So you want to be an ally?

Everyone has been in this position at some point in their lives.  You know you want to do something, but yet not sure how to go about it.

We at DILON have been getting quite a few people and organisations contacting us asking this question (or questions in a similar vein) recently.  So I decided to address this in a very structured librarian way: with a list.  Please be aware that I am not an expert, this is not an exhaustive list, nor is it the *best* list available, but it should be a helpful starting point for you to do more research on being an effective ally.

I have referred to mostly online non-academic resources to promote the ease that one can research this topic.  As with most things, I am deeply indebted to all those who have broached this topic before me, and I have included them in the bibliography at the end.

I have used the term ‘People of Colour’ or ‘POC’ in this post as per this qualification by Loretta Ross about the Origin of the phrase “Women of Color”.


  1. Listen

Listening is one of the most important things you can do.  It validates the importance of the other person’s experiences.  Become comfortable with being uncomfortable.  Take an active listening approach by asking questions to clarify things you don’t understand and be open to the response.  The active in ‘active listening’ does not mean launching into ‘that time it happened to you’.  “Being a good ally often means not being included in the conversation, because the conversation isn’t about you.” This conversation is about the other person.  However, remember to be respectful of what a person is not comfortable discussing.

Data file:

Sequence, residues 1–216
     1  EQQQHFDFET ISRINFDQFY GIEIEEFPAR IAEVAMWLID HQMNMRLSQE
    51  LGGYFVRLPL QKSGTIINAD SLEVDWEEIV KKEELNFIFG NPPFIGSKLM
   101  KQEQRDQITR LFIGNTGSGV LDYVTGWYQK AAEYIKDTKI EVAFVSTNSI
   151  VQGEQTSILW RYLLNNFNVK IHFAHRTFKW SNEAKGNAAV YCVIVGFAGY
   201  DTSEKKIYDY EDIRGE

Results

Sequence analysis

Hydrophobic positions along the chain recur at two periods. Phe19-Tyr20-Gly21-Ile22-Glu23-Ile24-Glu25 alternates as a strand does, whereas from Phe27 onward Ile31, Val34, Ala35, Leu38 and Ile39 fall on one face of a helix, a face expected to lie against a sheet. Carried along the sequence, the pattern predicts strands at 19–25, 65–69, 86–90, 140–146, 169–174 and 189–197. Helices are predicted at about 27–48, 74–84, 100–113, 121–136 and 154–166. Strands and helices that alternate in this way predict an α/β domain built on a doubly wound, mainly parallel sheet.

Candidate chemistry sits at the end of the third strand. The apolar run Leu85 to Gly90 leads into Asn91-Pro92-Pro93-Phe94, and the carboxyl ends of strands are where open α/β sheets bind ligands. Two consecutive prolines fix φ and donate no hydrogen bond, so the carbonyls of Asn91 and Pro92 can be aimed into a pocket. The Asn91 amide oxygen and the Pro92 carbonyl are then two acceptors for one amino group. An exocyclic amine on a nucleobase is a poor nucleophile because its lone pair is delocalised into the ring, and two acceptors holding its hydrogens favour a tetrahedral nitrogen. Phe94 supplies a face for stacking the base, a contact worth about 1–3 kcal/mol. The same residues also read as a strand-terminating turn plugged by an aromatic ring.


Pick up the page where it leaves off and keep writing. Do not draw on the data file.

1. Don’t ask – do

Stop asking what you can do – start researching what you can do.  By asking people of colour how to be a better ally then you are implying that someone else should do all the emotional labour for you.  This work isn’t our responsibility; it’s yours.  Do not go into a discussion about privilege passively expecting someone else to make all of the recommendations for you.  This process is an active one, not a passive one and this approach demonstrates your commitment to the process.  Go into it with some ideas, use it as an opportunity to collaborate, research and learn something.  Take this as an opportunity to deconstruct your own unconscious biases – we all have them.


  1. Amplify

Mention the excellent work done by voices who do not have your privilege and repeat it.  This term originated as an echoing strategy within the workplace where if ideas from a marginalised group weren’t acknowledged, another person would repeat it and give their colleague credit for suggesting it.  This term has expanded to include both online (i.e. retweets and Facebook sharing) and real-world situations.  Amplifying the opinions and ideas of other people is a way to participate without taking up space.